Generally none but it is advisable that an agreement creating pledges / deposits / options is made by notarial deed to enable it to be directly enforceable.

Notary fees 
See A3.2 above.

Quota pledge registration fee 
HUF 3,000 (approx. EUR 11).

4. Do the shares need to be transferred into the name of the lender or its nominee?

In the case of enforcement of a quota / share pledges, the lender / its nominee would be entitled to sell the pledged quotas / shares to a third party purchaser.

The terms of a share deposit can grant the lender the right, on certain conditions, to acquire / appropriate the shares itself.

5. How can the lender enforce its security?

5.1 Can it be sold to a third party? Is it possible for a secured party to appoint receivers / liquidators and if so how and what are their powers? Can security be enforced directly without recourse to the courts and are private sales of security possible? Does it have to be sold by auction?

Quota pledge: the rules in A 6.3 above for mortgages apply to such a pledge.

Option rights: rights may be exercised by the option beneficiary (if it chooses to do so) upon the occurrence of an event of default.

Share deposits: when the security becomes enforceable, the lender may (where entitled to do so by the deposit terms) either directly acquire the shares itself or sell them.

5.2 Are loans from shareholders subordinated? If so, how is this done? Is it customary for such loans to be waived or written off contractually as part of an enforcement of a share pledge, should a default occur?

Majority shareholders’ claims (including loans) rank as unsecured creditors’ claims in an insolvency situation.

Loans from shareholders can be contractually subordinated.

Shareholders can agree that repayment of their loans are waived / written off should default occur, but this is not yet customary in Hungary.

C. Leases

Legal issues that would be likely to impact upon the valuation and the security of income from an investment perspective.

1. Lease Structure

1.1 Typical lease length?

The typical lease length for office buildings is 3 to 8 years, with additional extension options for the tenant. It is typical that institutional / commercial leases are concluded for a definite term.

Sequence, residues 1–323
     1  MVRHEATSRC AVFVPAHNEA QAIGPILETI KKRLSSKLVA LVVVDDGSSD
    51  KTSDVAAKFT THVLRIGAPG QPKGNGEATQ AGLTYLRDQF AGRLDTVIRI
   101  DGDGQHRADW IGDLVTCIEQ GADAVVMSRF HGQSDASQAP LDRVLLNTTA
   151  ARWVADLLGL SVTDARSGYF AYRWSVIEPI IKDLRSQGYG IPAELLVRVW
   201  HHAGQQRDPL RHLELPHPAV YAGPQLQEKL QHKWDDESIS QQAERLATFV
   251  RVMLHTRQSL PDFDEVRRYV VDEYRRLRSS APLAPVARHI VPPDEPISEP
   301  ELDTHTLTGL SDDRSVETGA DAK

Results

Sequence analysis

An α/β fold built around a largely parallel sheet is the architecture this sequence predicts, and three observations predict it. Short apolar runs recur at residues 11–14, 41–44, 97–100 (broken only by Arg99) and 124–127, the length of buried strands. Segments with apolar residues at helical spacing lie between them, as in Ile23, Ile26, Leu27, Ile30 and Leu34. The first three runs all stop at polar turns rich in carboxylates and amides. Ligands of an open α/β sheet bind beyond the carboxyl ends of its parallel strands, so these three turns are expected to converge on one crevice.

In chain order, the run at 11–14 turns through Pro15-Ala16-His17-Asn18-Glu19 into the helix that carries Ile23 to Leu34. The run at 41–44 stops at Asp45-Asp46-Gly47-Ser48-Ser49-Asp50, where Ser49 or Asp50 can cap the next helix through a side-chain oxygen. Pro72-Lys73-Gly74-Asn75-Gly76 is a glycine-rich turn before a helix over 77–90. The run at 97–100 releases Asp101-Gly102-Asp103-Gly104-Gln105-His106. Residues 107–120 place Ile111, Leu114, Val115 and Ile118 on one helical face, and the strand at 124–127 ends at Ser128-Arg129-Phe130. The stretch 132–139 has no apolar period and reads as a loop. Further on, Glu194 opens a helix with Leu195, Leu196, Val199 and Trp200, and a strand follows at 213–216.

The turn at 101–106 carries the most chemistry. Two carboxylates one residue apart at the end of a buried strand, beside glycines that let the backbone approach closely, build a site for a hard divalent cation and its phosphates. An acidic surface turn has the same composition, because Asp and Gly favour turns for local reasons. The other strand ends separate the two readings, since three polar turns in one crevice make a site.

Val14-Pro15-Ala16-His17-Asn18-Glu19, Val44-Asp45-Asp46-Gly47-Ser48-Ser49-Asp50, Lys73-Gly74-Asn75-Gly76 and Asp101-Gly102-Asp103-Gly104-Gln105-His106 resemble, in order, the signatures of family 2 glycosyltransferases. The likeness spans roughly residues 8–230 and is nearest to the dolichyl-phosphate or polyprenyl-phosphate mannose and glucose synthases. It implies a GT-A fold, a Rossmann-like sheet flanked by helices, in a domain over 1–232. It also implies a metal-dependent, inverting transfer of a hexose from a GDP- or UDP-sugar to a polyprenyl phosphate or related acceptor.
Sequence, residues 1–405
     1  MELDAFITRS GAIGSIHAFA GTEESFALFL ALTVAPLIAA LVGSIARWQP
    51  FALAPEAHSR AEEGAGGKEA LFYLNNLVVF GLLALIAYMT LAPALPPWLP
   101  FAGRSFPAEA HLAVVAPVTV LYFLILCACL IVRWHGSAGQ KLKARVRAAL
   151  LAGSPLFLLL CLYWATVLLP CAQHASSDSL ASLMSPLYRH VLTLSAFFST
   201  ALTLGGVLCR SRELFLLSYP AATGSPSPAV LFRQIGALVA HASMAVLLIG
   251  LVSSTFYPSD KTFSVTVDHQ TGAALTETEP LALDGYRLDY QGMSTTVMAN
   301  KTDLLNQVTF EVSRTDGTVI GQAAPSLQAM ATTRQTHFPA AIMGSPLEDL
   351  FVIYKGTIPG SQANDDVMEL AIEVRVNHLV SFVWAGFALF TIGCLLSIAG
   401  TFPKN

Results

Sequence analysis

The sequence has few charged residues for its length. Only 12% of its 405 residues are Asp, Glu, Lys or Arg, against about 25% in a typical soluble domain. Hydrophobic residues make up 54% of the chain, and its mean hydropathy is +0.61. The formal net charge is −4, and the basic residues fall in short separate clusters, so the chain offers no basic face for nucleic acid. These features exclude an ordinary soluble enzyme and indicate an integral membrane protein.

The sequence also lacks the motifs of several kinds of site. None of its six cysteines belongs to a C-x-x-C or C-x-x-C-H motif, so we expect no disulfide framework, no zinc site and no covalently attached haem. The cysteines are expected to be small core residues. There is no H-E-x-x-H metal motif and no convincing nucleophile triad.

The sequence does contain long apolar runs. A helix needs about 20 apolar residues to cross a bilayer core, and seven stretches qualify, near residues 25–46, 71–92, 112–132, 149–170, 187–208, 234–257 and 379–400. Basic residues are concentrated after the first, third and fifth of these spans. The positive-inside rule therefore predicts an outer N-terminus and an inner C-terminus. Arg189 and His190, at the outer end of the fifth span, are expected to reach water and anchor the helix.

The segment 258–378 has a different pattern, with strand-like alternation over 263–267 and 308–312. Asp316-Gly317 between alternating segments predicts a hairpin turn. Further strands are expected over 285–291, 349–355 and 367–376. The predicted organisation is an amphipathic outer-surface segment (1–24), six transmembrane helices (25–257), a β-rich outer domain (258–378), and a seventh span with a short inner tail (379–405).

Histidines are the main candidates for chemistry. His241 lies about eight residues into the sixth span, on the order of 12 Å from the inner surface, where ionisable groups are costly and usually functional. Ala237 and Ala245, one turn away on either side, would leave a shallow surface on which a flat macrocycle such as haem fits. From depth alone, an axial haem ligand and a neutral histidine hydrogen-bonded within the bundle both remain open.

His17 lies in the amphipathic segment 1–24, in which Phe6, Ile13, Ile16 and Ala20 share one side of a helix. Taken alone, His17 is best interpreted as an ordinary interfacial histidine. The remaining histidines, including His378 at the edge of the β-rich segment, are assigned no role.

In our experience, typical lease lengths for other normal commercial leases generally range between 3 to 10 years, with longer leases for anchor tenants and special-purpose premises.

1.2 Maximum / minimum lease length if any?

Not applicable.

1.3 Statutory controls and obligations regarding renewal / termination of leases (does tenant have automatic right to renew or can they apply to the courts for a new lease); also does some form of notice have to be served to terminate a lease to avoid renewal?

There are no statutory controls and / or obligations with respect to the renewal of the lease. The tenant does not have an automatic right to renew the lease. The parties may agree to grant the tenant a right to extend the lease before the expiry date of the fixed term. The additional term is usually either the same or shorter than the original term. Indefinite lease terms are uncommon. If the lease term is not extended, the lease terminates on the expiry of the fixed term.

If after the expiry of the fixed term, the tenant remains in the leased premises and the landlord does not object thereto within 15 days, the lease is by law automatically extended and becomes a lease for an indefinite term. This statutory extension is often excluded in institutional / commercial lease agreements.

1.4 Any overriding statutes concerning the ability of the tenant to break a fixed term lease (whether or not included as a term of the lease)?

A fixed term lease cannot be terminated by the parties by notice until the fixed term of the lease has lapsed, unless there are contractual break options in the lease. There are no statutory break-options for tenants in the case of fixed-term leases, other than the case where the leased premises cannot be used for the intended purposes, due to the fault of the landlord. Institutional, investment type lease agreements usually do not contain any contractual break-options for the tenant.